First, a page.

If you did yet get this PDF now is a good time to download it

Article on Nature website:


The Most Massive Distant Object Known


The most massive known object in the young universe, a galaxy cluster dubbed SPT-CLJ2106-5844, is also a probe of conditions in the young universe. This image combines optical and infrared images with intensity contours from the Chandra X-ray Observatory.

Phyorg article here:


Keck telescope images super-Luminous supernova

Images of SN 2008am obtained with the Keck I telescope’s Low Resolution Imaging Spectrometer (LRIS).Credit: D. Perley & J. Bloom / W.M. Keck Observatory

The Keck I Telescope has played a key role in unraveling the mysteries of one of the brightest supernovas ever discovered.


Fermi's view of the Milky Way and beyond

Fermi’s view of the Milky Way and beyond

Annihilating dark matter at the heart of the Milky Way could account for signals detected by two space telescopes, according to a pair of US physicists.

IOP website:


A heavyweight, and controversial, cosmic-ray detector is set to head for the International Space Station.

The Alpha Magnetic Spectrometer will seek antimatter in deep space, and measure cosmic rays closer to home

Nature website:


We live in a magnetic universe, but much about magnetism at cosmic scales remains unknown.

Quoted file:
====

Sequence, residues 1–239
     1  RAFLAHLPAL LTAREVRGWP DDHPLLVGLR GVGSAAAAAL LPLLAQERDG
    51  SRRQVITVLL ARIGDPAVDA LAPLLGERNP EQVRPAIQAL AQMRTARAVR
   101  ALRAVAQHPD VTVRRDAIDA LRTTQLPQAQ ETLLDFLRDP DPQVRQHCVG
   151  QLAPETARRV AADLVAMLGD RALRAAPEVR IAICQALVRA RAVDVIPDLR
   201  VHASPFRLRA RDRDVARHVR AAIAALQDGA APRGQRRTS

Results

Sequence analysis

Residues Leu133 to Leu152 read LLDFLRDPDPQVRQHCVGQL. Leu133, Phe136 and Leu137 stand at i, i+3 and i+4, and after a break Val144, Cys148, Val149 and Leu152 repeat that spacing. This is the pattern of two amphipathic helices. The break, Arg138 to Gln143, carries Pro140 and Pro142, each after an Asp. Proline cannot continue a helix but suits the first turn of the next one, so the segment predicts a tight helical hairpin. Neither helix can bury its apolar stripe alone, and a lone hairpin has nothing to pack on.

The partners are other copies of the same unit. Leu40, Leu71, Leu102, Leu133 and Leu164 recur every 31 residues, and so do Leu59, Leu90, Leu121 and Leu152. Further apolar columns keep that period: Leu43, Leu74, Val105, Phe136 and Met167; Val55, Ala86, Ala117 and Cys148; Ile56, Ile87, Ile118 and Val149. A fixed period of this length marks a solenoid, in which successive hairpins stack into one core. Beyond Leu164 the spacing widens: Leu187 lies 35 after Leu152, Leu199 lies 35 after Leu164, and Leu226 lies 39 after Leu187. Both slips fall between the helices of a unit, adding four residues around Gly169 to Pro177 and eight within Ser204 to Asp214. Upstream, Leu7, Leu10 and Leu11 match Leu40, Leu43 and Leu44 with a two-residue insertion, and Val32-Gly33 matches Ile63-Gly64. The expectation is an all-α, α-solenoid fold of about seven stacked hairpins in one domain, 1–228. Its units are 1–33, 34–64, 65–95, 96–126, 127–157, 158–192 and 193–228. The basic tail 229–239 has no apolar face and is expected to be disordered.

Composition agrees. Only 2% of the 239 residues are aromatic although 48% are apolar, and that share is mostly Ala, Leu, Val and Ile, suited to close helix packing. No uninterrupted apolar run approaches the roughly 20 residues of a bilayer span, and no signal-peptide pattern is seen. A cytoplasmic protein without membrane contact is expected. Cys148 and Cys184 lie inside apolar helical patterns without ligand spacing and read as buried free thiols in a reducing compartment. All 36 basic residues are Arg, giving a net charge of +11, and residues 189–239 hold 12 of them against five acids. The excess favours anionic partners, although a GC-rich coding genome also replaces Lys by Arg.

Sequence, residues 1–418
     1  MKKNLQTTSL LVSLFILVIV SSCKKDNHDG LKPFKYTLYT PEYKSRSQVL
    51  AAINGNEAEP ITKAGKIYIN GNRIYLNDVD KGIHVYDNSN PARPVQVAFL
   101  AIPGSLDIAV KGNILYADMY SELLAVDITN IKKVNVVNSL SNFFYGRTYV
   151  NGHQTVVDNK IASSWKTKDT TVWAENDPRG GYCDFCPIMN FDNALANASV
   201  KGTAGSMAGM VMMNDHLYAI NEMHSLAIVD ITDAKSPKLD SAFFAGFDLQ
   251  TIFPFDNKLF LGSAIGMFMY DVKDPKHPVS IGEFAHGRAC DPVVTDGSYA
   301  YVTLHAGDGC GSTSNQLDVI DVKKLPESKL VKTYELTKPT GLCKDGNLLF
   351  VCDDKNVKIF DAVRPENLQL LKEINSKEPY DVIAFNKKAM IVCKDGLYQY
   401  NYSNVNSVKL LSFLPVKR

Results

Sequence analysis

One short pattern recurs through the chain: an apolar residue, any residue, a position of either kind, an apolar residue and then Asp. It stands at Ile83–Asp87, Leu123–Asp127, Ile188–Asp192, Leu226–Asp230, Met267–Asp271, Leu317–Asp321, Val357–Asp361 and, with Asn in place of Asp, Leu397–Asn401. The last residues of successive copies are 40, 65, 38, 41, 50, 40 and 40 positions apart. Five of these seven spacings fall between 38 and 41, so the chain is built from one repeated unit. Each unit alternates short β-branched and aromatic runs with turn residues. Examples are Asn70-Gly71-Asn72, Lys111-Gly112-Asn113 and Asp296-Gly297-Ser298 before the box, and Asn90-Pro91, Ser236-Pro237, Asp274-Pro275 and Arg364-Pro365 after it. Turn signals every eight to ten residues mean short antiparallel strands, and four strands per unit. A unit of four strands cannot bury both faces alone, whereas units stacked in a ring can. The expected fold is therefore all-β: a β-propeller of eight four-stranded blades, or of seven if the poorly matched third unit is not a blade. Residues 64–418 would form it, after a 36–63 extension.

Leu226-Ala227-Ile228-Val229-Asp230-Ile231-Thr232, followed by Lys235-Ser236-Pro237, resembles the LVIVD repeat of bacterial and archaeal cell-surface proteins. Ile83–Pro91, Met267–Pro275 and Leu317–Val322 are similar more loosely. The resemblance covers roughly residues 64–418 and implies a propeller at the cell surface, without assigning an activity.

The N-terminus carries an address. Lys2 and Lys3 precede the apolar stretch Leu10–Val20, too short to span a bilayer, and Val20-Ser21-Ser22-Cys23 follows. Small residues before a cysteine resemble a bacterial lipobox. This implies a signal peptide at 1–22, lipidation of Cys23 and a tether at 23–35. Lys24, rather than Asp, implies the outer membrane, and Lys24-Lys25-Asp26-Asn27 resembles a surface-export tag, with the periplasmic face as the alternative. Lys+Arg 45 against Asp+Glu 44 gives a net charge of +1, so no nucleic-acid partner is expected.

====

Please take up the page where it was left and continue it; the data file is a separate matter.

The magnetic field at the Milky Way’s core is at least 10 times stronger than that of the rest of the galaxy.


Another universe tugging on ours? Maybe not, researchers say


A new study from the University at Buffalo contradicts the dark flow theory, showing that exploding stars in different parts of the universe do not appear to be moving in sync. Working with data on 557 such stars, called supernovae, UB scientists deduced that while the supernovae closest to Earth all shared a common motion in one direction, supernovae further out were heading somewhere else. An article announcing the research results will appear in a forthcoming edition of the peer-reviewed Journal of Cosmology and Astroparticle Physics.


Astronomers mull merger of missions

Cosmic-origins scientists convene with exoplanet hunters.

Exoplanet hunters want something to replace the postponed Terrestrial Planet Finder.